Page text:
Gerbera, also known as Africa daisy or gerber daisy, is a commonly grown flower in the United States. Its vibrant blooms in hues of pink, orange, yellow and creamy white make it an excellent choice for decorating an indoor or outdoor spot. Gardeners propagate gerbera daisies by seed or crown division for small-scale production. Large-scale producers start these flowers through a process called micropropagation, or tissue culture. Even horticulturalists can grow gerbera daisies at home by micropropagation.
Prepare the nutrient solution for the plantlets. Add 1 cup tap water, 1 cup all-purpose soluble fertilizer (made from ¼-tsp. of 10-10-10 water soluble fertilizer added to a gallon of water), 1/8 cup sugar, ¼ tablet vitamin thiamine, 2 tbsp. agar flakes and half a tablet of inositol to a stainless steel cooking pot.
Light your stove and bring it down to a medium heat. Stir the mix in the cooking pot constantly until everything melts and comes to a boil. Continue stirring for up to five minutes, or until the agar flakes dissolve. Set the pot aside to allow the mixture to cool before pouring it halfway into baby food jars. Replace the lids loosely.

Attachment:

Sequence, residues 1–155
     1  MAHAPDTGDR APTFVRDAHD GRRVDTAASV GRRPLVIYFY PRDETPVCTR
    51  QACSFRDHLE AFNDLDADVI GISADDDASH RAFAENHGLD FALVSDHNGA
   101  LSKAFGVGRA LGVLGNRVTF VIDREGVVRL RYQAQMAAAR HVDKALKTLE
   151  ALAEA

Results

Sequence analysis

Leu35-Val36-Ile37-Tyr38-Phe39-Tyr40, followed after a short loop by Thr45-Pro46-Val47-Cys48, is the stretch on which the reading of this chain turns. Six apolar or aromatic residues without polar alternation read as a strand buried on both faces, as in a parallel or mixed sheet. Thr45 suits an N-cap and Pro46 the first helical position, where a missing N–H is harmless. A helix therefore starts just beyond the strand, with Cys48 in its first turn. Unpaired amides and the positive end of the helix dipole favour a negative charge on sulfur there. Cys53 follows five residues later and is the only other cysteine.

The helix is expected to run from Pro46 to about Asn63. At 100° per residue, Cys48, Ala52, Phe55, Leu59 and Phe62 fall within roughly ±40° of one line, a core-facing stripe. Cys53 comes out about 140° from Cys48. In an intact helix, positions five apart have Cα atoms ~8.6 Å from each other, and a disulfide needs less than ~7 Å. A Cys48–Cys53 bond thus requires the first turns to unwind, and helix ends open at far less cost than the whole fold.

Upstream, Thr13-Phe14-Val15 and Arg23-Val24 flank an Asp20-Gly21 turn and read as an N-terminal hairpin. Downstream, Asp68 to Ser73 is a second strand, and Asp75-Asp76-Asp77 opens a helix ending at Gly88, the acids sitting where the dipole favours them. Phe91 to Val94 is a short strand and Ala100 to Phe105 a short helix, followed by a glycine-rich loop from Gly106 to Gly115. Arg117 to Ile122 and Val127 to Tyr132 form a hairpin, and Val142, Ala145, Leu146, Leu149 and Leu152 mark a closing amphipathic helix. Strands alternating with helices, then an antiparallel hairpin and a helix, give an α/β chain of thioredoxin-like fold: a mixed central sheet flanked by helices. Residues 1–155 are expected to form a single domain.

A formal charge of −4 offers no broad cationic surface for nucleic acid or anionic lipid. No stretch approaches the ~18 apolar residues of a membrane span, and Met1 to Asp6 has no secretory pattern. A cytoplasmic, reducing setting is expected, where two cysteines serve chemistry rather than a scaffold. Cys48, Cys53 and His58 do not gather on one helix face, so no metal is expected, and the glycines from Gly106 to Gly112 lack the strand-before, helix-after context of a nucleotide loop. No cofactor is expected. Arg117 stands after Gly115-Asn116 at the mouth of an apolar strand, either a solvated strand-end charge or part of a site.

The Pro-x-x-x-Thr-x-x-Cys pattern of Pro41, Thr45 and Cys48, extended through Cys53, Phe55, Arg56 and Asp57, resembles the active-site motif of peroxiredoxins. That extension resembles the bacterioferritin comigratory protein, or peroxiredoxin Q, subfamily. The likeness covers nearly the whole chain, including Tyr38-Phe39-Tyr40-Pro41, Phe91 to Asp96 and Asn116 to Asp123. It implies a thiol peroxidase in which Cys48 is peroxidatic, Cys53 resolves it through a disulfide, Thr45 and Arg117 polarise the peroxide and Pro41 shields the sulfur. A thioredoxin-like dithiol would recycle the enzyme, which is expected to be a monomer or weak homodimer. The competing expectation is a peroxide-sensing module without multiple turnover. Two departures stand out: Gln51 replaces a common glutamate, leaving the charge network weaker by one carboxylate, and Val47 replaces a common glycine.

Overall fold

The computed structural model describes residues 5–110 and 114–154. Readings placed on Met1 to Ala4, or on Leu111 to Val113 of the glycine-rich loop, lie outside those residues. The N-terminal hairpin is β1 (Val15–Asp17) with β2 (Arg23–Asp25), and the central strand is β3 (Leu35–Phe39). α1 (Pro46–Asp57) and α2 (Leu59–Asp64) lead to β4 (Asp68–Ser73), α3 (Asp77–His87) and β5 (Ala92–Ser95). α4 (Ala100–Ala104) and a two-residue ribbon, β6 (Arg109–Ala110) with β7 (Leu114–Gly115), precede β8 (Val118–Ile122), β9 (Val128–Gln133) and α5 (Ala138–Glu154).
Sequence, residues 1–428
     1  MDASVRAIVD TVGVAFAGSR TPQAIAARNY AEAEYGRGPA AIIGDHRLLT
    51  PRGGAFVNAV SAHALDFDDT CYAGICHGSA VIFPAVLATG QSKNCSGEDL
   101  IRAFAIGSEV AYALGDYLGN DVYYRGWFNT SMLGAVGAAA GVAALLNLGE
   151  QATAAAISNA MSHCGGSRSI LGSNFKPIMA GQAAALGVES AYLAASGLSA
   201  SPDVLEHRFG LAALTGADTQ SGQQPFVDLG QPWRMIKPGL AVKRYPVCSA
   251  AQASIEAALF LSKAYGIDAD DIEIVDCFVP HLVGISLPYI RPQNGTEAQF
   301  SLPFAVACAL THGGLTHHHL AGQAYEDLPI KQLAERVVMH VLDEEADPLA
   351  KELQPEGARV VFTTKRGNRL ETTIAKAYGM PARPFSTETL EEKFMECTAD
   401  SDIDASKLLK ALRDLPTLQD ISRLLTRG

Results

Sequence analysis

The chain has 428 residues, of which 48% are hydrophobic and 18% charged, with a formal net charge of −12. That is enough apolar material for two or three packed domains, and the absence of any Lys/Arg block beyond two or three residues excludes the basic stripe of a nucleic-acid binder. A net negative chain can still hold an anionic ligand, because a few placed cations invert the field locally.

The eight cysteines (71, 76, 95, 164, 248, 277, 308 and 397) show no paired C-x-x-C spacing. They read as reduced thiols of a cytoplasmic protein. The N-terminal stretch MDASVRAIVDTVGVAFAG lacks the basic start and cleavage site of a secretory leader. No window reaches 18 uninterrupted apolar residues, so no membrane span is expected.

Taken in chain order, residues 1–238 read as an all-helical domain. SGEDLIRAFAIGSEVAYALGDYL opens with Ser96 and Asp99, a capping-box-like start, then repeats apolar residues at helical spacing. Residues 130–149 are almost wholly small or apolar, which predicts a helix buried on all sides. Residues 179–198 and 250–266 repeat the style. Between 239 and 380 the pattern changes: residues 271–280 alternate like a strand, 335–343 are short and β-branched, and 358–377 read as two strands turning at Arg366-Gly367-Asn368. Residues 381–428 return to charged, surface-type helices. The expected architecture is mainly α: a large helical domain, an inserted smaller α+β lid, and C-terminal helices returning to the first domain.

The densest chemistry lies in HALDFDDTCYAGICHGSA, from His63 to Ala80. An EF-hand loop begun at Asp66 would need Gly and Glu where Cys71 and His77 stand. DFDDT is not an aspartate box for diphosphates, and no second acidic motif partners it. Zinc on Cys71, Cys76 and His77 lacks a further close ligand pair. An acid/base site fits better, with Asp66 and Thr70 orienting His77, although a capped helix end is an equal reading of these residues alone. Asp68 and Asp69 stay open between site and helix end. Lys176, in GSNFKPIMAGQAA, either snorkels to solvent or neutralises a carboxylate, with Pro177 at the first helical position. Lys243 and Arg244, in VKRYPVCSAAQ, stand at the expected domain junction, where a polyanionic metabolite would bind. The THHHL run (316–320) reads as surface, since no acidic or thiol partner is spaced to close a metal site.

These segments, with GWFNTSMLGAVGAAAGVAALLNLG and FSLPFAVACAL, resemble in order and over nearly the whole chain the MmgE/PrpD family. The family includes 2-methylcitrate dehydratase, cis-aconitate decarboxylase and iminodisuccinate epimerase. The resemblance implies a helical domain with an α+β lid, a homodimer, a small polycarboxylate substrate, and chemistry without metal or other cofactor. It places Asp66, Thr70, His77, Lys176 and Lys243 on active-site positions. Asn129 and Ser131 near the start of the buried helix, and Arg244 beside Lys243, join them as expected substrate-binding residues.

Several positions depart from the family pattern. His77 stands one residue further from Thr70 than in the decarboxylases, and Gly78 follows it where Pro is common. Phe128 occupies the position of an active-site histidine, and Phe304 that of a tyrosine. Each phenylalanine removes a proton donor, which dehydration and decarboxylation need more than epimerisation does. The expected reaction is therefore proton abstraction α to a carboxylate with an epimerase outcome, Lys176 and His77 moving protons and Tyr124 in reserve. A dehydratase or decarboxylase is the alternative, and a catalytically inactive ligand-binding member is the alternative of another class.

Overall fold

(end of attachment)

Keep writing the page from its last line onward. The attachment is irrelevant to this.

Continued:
Sterilize the loosely capped baby food jars, scissors and tweezers in a pressure cooker for 15 minutes at 15 psi. Be careful as you slowly release the pressure after 15 minutes. Wear gloves and tighten the lids on the baby food jars, and place them over dry paper towels as they cool.
Sterilize the spot where you will perform the micropropagation. Use warm water from a stainless steel bucket along with a bottle of bleach, a new sponge and cotton cloth to wipe the table, counter and surrounding surface. Allow the sterilized surfaces to air dry. Also immerse your hands in a wide bowl containing isopropyl alcohol just before you begin the procedure.
Cut off a tiny piece of gerbera roots or leaves with sterilized scissors or tweezers, uncap the nutrient solution jar and quickly place it over the top. Tighten the cap and place aside. Continue this procedure until you have one plant piece per container.
Store your jars in a warm, sterile place away from any traffic, but with enough light to assist new root and leaf growth, indicating the tissue culture is growing into gerbera plantlets. Contaminated jars will have mold or rotten plant matter instead of green plantlets with leaves and roots.
Remove the plantlets carefully from the nutrient solution when they grow slightly, and develop leaves and roots. Plant them in containers filled with sterile potting soil, and cover them with plastic bags to prevent plant loss or dehydration. Remove the plastic bags after a week.